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Reader Comments (5)

  • Zafar Iqbal
    Mar 21, 2015 - 6:32AM

    Well done PM Nawaz Sharif and your team. We needed a new Aviation Policy very badly. It is only PML N that develops this vital sector. These incentives will bring in foreign investors and provide better opportunities and relief to travelling public.

    I recommend provision of Good public transportation at all airport terminals ie trains and buses, better control of taxis, information boards, check-in facilities and more luggage belts on arrival.Recommend

  • Riaz
    Mar 21, 2015 - 10:35AM

    Policy is now in place, now who will ensure execution? Merit & transparency?Recommend

  • Mar 21, 2015 - 1:42PM

    The appointment of a COO to run airport affairs seems quite shady, we dont know whats the procedure of appointing one? Once again, like always, will it be incompetent friends and reletives?

    Considering that the COO is being given such vast powers over all airport departments. One cant help but think, will this one man show pull favours for friends and benefactors in the airport operations such as safety, checking, visa clearance and customs? These are very important issues, an incompetent appointee is likely to do shady work to maintain his post and keep his/her benefactor’s favour.Recommend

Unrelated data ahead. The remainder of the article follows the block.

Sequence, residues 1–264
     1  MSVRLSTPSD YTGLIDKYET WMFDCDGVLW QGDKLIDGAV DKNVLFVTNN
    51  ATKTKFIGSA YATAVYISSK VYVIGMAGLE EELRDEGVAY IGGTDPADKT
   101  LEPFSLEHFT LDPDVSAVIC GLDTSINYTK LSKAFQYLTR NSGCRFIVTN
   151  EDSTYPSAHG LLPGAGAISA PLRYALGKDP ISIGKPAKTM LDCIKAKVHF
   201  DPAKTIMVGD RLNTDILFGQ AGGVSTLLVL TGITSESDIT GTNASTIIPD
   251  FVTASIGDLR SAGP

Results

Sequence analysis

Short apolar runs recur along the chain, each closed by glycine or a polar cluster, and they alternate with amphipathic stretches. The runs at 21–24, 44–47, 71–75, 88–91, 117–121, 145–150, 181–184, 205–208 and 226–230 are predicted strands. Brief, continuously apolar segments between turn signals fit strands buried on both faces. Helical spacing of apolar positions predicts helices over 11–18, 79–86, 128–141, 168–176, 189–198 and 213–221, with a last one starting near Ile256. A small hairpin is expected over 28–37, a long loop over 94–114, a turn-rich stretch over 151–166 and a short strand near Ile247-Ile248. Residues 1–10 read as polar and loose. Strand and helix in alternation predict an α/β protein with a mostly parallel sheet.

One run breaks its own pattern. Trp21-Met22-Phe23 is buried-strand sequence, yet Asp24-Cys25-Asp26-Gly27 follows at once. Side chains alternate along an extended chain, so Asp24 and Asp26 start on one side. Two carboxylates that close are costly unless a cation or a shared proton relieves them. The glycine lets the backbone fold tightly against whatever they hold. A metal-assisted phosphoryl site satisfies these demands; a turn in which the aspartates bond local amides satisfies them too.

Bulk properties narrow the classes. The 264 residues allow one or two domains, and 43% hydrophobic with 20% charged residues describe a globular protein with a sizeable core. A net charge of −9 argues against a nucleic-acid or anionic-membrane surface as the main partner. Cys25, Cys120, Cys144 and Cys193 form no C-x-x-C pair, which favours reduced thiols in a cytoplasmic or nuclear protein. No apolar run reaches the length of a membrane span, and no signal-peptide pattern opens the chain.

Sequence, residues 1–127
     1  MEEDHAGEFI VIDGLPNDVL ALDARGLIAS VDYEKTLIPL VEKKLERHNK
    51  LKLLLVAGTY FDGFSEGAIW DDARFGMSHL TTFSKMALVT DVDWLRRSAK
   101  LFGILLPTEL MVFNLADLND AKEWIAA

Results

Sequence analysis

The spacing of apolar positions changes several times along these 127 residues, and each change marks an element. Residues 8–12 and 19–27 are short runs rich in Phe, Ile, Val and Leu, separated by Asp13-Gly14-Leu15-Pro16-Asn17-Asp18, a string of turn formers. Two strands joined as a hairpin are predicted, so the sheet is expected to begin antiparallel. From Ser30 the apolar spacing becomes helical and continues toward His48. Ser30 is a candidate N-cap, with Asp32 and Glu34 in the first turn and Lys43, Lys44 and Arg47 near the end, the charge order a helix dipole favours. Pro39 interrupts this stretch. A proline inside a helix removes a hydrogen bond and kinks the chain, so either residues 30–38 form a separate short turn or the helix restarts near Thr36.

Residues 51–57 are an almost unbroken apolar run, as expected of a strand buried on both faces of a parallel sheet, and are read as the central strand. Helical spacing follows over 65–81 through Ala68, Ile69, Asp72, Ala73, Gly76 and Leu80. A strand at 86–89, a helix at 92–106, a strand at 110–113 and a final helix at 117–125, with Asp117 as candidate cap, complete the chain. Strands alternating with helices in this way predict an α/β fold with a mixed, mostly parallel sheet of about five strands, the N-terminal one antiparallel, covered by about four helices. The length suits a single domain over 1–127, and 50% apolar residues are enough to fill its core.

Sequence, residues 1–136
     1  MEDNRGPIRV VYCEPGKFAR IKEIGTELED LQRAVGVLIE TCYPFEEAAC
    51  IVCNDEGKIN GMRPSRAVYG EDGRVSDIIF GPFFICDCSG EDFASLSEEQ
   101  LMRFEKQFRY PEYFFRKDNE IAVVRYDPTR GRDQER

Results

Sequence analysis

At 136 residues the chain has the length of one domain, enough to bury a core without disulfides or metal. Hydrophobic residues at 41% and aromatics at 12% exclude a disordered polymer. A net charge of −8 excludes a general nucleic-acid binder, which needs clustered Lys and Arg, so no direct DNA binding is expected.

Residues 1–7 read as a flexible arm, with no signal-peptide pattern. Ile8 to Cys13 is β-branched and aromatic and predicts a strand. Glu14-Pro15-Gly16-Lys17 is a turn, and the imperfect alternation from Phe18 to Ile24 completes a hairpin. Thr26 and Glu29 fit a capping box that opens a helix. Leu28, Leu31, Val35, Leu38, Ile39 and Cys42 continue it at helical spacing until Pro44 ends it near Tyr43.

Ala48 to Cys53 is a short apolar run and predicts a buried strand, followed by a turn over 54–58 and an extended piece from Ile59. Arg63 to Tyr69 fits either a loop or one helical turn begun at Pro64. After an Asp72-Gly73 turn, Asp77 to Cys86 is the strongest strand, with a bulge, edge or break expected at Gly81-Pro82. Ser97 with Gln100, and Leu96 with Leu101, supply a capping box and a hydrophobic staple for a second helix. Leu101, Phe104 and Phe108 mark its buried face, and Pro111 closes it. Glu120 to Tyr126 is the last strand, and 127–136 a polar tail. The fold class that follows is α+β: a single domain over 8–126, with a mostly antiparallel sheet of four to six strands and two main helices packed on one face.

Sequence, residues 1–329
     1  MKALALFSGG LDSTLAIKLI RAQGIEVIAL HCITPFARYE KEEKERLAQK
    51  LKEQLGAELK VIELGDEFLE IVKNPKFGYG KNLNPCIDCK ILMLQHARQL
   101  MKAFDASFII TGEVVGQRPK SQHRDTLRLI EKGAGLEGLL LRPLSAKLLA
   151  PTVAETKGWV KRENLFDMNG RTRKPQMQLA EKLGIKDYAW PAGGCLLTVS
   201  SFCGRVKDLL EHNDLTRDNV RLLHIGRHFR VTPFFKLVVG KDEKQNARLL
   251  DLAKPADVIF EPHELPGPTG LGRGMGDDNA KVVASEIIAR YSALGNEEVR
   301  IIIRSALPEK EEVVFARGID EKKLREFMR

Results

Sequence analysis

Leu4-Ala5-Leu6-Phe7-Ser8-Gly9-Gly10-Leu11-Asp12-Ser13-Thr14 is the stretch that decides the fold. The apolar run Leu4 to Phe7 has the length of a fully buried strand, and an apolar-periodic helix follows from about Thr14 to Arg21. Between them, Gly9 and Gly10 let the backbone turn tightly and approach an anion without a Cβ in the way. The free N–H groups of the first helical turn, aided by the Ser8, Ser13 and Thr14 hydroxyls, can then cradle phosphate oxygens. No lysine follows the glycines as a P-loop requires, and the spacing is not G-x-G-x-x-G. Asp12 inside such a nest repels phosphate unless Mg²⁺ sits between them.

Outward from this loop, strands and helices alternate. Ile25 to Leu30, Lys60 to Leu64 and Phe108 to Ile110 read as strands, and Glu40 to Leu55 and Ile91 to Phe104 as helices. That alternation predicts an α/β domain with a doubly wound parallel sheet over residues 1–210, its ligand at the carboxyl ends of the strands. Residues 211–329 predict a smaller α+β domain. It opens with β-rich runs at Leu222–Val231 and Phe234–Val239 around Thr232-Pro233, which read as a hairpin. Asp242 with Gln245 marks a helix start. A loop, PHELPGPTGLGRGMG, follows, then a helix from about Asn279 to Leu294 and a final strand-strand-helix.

• abdul
    Mar 21, 2015 - 3:02PM

    Hope level playing field there for all airlines and regulators ensure that same system of charges., duties and taxes is there for all govt n private players.
    further to increase domestic travel, tax @ 2500 approx per ticket need to be reduced significantlyRecommend

  • Ali
    Mar 21, 2015 - 3:42PM

    The national aviation policy states, “Unlimited Open Skies Policy may not be adopted for the present. However, selective Open Skies Policy may be implemented by having agreements on the principle of reciprocity and bilateralism with maximum number of countries.”

    Basic economic principles state that unless the domestic industry has not achieved economies of scale, subjecting it to the modern and efficient industry of other developed nations will only hamper domestic growth. The flipside being that the inclusion of efficient competitors will spark domestic efficiency. However, what is the need of the hour is the limitation of landing rights of other middle eastern carriers to allow domestic industry to grow. Emirates currently has over 45 flights from DXB to KHI in one week. Limiting these in order to divert traffic to Pakistani carriers is essential for domestic industry growth coupled with the capacity to operate as a commercial enterprise and not as a political front. Recommend